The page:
Xyza Cruz Bacani: 'When a person tells you her story, it means she wants to be heard'

The domestic worker turned documentary photographer talks art as activism

One of the most interesting exhibits to pop up in the hutongs this year has been The Outlier, a solo show for Filipina documentary photographer Xyza Cruz Bacani that opened last month.

Bacani grew up in Bambang, a city of 47,000 in the Philippines province of Nueva Vizcaya. After studying nursing, Bacani moved to Hong Kong at age 19 to join her mother as a domestic worker in the household of an Australian-Chinese businesswoman. In her free time, Bacani developed an interest in street photography, developing a striking visual style and documenting subjects close to her day-to-day life: the stories of migrant workers and other marginalised or persecuted members of Hong Kong society.

Her work has since gained international recognition, being published by the New York Times Lens Blog, CNN, and others. Last year, Bacani received the prestigious Magnum Foundation Human Rights Fellowship, enabling her to study photography formally at New York University’s Tisch School for the Arts. Since then, she’s been honoured by her home country with a resolution in the Philippine Congress recognising exemplary artistic achievement, and is now striking off on a new career path as a professional documentarian.

We caught up with Bacani to ask her about her meteoric rise as an artist and her current Beijing show, which is on view at Arrow Factory’s street-facing gallery space through December 5.

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photo by Xyza Cruz Bacani

You joined your mother in Hong Kong as a domestic worker when you were a teenager, and remained in that position for almost 10 years. Has your success as a photographer allowed you to quit this profession? What about the rest of your family?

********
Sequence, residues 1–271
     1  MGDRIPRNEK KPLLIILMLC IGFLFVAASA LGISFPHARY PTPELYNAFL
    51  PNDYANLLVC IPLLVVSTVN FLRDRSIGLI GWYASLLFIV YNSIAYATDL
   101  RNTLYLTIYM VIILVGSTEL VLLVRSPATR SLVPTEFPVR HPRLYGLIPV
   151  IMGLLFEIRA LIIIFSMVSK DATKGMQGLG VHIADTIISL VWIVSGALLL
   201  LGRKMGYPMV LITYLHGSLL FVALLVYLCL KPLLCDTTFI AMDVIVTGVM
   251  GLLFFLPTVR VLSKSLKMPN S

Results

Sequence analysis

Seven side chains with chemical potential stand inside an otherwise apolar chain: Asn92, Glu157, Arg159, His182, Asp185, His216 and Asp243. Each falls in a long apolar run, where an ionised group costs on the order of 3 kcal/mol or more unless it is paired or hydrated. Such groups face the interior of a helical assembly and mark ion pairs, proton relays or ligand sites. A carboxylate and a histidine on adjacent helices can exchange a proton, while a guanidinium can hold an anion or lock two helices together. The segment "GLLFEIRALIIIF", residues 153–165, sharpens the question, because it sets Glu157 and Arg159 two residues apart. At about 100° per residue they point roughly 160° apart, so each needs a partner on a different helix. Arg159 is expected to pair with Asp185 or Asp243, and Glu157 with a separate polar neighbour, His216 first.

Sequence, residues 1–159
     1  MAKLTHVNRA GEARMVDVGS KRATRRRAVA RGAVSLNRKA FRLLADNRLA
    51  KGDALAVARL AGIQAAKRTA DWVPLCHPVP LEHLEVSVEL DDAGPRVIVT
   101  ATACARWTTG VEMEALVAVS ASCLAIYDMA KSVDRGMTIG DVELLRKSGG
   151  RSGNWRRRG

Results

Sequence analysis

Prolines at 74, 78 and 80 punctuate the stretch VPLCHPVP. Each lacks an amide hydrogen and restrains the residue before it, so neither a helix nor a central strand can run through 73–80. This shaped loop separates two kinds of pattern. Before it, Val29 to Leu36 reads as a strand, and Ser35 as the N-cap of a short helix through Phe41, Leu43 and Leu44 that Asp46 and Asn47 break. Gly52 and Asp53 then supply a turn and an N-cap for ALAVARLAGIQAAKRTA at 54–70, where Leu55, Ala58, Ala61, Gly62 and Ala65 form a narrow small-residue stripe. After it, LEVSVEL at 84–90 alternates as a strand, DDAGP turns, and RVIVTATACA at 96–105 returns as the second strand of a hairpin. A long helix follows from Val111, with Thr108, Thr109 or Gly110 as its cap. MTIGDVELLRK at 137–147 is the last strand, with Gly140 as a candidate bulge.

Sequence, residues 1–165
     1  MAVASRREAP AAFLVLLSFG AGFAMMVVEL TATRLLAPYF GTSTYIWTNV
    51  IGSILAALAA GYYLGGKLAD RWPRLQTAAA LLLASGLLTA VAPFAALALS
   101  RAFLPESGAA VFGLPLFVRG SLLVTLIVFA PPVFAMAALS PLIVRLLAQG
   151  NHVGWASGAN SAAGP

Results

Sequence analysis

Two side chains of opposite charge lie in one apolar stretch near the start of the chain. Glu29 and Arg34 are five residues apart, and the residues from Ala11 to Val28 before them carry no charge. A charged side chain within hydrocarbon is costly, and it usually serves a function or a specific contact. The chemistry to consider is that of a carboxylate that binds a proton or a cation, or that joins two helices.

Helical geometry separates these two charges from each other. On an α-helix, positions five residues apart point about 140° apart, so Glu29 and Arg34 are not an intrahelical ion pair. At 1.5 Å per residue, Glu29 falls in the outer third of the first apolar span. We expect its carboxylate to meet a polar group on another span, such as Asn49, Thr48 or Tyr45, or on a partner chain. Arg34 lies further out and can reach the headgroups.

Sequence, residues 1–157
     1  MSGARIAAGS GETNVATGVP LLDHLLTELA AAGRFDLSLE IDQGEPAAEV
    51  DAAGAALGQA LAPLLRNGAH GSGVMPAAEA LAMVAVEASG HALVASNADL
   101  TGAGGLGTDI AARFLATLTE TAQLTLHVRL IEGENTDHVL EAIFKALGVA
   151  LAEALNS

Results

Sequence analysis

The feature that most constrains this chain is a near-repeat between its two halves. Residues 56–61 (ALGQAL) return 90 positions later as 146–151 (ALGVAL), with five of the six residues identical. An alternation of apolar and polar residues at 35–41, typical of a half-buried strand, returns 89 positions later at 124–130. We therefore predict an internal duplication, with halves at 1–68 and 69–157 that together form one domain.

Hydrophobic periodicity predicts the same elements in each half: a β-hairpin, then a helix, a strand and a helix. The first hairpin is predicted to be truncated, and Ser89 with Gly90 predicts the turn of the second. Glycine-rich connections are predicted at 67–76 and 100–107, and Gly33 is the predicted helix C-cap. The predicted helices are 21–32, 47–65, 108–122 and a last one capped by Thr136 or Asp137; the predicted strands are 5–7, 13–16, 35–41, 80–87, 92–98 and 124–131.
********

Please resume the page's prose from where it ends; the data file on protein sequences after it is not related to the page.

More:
I joined my mom when I was 19, and I’m now a full-time photographer. My mother still works for the same employer. I’m grateful to my parents that they allowed me to fly and be a photographer.

How did you go about teaching yourself about the technical and compositional aspects of photography when you were first starting out?
I watched a lot of films and studied light.

You were the recipient of last year's Magnum Foundation Human Rights Fellowship to study photography at NYU’s Tisch School of Arts. What was your experience there? What did you learn, from a technical standpoint or more generally from being in that environment or that city?
It was an amazing experience. It changed my life. I gained friends and confidence. I became a better person. It was my first formal training in documentary photography. I adore Susan Meisales, Fred Richin and Elisabeth Kilroy. They were my teachers, and even now still guide me.

When you first started taking street photography, what kind of subjects naturally attracted you? Why?
I’m attracted to gesture, feelings and light because for me, the street is one huge theatre or television where everyone is an actor.

What about today? What subjects or topics do you wish to address now that you have received significant international recognition and formal training?
I’m currently focusing on migrant issues, because I’m a migrant myself. I want my photography to magnify migrants' voices. I basically just love photography, and I would love to put some social responsibility in it.